AECEA has reported that polysilicon prices are expected to stay high due to the limited additional supply coming online in the next few months and the significant demand shift from 2021 into 2020. However, several companies announced the expansion and new polysilicon production capacities. AECEA estimated that if all 18 polysilicon projects are successfully executed, a total of 3 million tons of polysilicon will be produced annually by 2025-26.

Double carbon and dual control policies can drive the demand for solar 

However, distributed solar has gained significant importance due to the dual control policy. These systems allow companies to consume affordable power on-site, compared to grid-supplied power, especially during peak hours. The average payback period for commercial and industrial rooftop systems is around 5-6 years. Rooftop solar also help manufacturers reduce their carbon footprint and reliance on coal power. China’s National Energy Administration (NEA) approved a pilot program to promote distributed solar. According to the program, at least 50% and 40% of existing government and public buildings across 676 counties will have a rooftop solar system by the end of 2023. Similarly, a minimum of 30% and 20% of commercial and rural buildings must have a rooftop solar system by the end of 2023.

The total demand for distributed solar from this program could be between 130 GW and 170 GW by the end of 2023. In addition, around two-thirds of all provinces made it mandatory that all new commercial and industrial rooftops and ground-mounted solar systems be combined with energy storage units.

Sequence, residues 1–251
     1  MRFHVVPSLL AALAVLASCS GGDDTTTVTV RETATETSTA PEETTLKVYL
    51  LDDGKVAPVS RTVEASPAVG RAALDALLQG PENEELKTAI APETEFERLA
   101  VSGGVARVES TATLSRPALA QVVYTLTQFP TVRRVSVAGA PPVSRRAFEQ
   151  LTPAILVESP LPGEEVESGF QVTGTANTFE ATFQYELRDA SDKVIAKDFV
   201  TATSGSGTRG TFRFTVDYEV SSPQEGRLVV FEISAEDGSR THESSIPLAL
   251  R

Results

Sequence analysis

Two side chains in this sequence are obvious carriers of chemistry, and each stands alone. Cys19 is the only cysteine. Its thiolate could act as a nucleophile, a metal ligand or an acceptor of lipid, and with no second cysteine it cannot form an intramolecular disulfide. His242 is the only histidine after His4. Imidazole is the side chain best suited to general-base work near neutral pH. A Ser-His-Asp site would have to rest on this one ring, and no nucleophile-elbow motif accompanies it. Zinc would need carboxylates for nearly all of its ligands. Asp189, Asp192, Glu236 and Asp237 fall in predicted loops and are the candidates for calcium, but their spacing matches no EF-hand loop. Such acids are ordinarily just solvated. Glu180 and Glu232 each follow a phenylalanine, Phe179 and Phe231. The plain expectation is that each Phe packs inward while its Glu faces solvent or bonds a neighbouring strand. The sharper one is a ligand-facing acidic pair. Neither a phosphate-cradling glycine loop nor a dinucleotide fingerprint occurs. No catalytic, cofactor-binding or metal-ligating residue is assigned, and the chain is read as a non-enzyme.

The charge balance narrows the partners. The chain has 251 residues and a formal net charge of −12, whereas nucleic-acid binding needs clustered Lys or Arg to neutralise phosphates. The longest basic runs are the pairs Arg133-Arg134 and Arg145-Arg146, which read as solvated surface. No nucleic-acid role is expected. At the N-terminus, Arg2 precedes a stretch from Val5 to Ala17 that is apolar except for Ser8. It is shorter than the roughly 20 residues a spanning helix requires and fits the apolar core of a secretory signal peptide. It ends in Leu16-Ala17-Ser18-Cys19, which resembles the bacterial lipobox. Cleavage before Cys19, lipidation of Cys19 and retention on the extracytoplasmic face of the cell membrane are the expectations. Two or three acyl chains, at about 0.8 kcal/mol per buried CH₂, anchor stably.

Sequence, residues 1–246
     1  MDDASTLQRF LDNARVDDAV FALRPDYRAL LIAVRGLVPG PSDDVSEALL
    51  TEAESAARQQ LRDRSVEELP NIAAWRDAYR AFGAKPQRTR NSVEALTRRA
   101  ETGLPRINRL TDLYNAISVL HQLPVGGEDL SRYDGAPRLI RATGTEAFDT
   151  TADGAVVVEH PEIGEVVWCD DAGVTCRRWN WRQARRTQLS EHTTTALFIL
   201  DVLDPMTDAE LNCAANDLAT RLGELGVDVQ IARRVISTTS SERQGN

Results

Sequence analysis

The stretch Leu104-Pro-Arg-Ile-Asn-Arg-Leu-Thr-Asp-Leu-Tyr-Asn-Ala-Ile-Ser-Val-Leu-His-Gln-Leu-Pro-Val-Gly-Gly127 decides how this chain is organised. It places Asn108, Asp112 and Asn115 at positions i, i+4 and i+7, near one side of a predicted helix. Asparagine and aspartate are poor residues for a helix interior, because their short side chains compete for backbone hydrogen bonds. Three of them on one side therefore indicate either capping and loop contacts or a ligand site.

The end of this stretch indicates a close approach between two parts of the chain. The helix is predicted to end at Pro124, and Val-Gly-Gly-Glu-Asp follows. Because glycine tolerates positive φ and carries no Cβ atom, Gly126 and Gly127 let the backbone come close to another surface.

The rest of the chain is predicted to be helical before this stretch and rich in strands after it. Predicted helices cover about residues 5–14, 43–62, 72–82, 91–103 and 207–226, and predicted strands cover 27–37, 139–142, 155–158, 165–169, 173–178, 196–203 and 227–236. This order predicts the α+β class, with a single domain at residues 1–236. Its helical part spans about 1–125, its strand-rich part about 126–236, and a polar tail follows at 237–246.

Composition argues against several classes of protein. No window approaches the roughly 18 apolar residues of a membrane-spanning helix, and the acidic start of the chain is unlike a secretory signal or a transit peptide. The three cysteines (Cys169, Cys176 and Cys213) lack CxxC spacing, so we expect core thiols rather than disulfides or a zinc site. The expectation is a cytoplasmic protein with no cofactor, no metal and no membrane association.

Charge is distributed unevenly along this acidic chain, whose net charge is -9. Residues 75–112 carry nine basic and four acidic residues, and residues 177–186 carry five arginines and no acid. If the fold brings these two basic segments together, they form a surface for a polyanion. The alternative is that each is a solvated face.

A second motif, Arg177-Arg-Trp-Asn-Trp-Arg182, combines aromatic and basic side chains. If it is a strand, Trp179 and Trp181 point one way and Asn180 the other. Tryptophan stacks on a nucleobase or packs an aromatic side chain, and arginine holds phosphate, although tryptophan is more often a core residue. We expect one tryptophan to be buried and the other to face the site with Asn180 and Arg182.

In addition to supporting solar installations, several provincial governments, including Guangdong, Guangxi, Henan, Jiangxi, and Jiangsu, plan to introduce a differentiated power tariff program to promote rational use of power. The peak versus valley price difference amounts to RMB 1.173 (~$0.18)/kWh and RMB 0.85 (~$0.13)/kWh in Guangdong and Henan, respectively. However, Guangdong’s average tariff is RMB 0.65 (~$0.10)/kWh, and its lowest is RMB 0.28 (~$0.044) between midnight and 7 AM. The program would be effective during October-November. It could help drive the emergence of new business models, especially when combined with distributed solar.

Earlier this month, NEA announced that China added 22 GW of new solar capacity in the first nine months of 2021, a 16% year-over-year (YoY) increase.

China installed 13.01 GW of solar capacity in the first half of 2021. Installations saw a 12.9% increase compared to the first half of 2020 when China installed 11.52 GW.